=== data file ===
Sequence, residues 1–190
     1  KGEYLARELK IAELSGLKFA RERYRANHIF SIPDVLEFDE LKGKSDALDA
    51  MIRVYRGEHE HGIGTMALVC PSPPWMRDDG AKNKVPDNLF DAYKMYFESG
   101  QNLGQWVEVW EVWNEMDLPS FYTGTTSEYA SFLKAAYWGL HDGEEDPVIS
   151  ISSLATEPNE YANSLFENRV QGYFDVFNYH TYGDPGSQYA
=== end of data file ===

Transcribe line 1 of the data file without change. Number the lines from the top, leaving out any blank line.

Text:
Sequence, residues 1–190